5. But some civil libertarians are pushing back on handing the government a blank check

    Government already has the blank check. We’re just trying to keep tabs on what they’re spending it on.

  6. it captures a few seconds of sound before and after the triggering moment.

    How is recording before it is triggered? Does it record all the time and just stores sounds that are within certain time frames before and after it is triggered?

    1. That’s my guess. I seems to be the only thing that makes sense.

    2. It must record all the time. The question is how much it keeps. If it’s just a twenty second loop, then I don’t see how that’s a big deal. Now if it stores everything, well that’s just creepy.

      1. let’s assume that the government opted for the “just creepy” option.

        I can see the sales pitch now.

        “We have the common sense option…”
        “NO, what’s the creepiest package you’ve got?”
        “Well, we do have the ‘just creepy’ package.”

      2. It must record all the time.

        If that’s the case, then “we only keep a few seconds before and after” is almost certainly a lie.

        1. Could be like a flight data recorder which runs on a loop.

          1. It’s probably this. Recording constantly means either high data rates or lots of storage space. This is also how a lot of dashcams work. They record on a loop until you hit the “something interesting happened” button. Then they save the previous X minutes and continue saving everything after until you hit the “interesting stuff stopped happening” button.

    3. I’d like to say the “before” is a mistake in the description of the technology. But it probably DOES make it awfully attractive selling point when government is your client.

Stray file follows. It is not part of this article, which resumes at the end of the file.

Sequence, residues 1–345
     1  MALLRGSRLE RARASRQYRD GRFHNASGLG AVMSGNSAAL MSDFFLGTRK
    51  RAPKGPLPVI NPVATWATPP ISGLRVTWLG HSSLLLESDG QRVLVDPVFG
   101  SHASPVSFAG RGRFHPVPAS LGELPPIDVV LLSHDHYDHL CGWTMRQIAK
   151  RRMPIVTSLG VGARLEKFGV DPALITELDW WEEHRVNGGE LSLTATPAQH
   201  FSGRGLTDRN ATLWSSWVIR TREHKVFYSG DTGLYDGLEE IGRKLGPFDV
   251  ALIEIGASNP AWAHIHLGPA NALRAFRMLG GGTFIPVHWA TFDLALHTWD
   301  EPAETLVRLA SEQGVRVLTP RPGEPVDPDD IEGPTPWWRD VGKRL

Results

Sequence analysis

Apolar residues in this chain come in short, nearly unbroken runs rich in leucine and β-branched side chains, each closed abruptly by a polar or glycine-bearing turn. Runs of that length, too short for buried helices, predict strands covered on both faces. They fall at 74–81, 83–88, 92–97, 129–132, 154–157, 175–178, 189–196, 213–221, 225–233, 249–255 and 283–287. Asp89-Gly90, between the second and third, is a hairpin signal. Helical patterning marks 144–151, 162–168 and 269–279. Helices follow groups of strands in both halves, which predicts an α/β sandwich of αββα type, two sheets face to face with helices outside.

4. Looking through the website doesn’t give much info on how the actual recording takes place, but if I had to guess it continuously records to a cache and records over it when the cache is full. When the system is triggered by what it thinks is a gunshot, it grabs a certain amount of the cache before and after the event and sends it to the dispatch. It doesn’t look like there is any permanent storage on the device.

  7. anyone in the vicinity of a shooting who roughly matched the description of a suspected perpetrator

    So, any dark-skinned youth wearing a hoodie, amirite?


    1. It was God’s plan that Zimmerman shoot Trayvon Martin. Maybe the NYPD is also privy to God’s wants and needs…

      1. Speaking of Zimmerman….

        He’s now bitching about Obama

        I’m not sure what they guy is going for here. You’d think he’d have been hoping for the world to forget him ASAP.

        1. He’s probably figured out that he won’t be forgotten until Shapton is dead and buried, and decided to just go with it.

        2. Maybe he went a little crazy from the whole experience… or was already a little crazy to start with. Yeah, you’d have to be a little crazy to join the neighborhood watch…

  8. We’re not quite London yet

    In Manhattan, we might as well be. I see the damn things everywhere, though I have to admit I have never seen them clustered in sinister bunches like in some of the London photos.

  9. 75 percent of the gunshot alerts have been false alarms.

    And how many of the remaining 25% turned out to be shots fired in self-defense?

    1. This is New York we’re talking about. They don’t recognize a right to self defense. You have a right to hire government approved bodyguards, if you can afford them.

  10. they ban law abiding citizens guns, criminals still have them, so now they set up an eaves dropping system to listen in on every bodys conversations..

  11. And the commissioner suggested anyone concerned about privacy should “get a life”! I guess he is not being honest about the capabilities of recording people or “eavesdropping”. I hope he was being just as “transparent” when he said that the police would be using more force in their upcoming interactions with perps!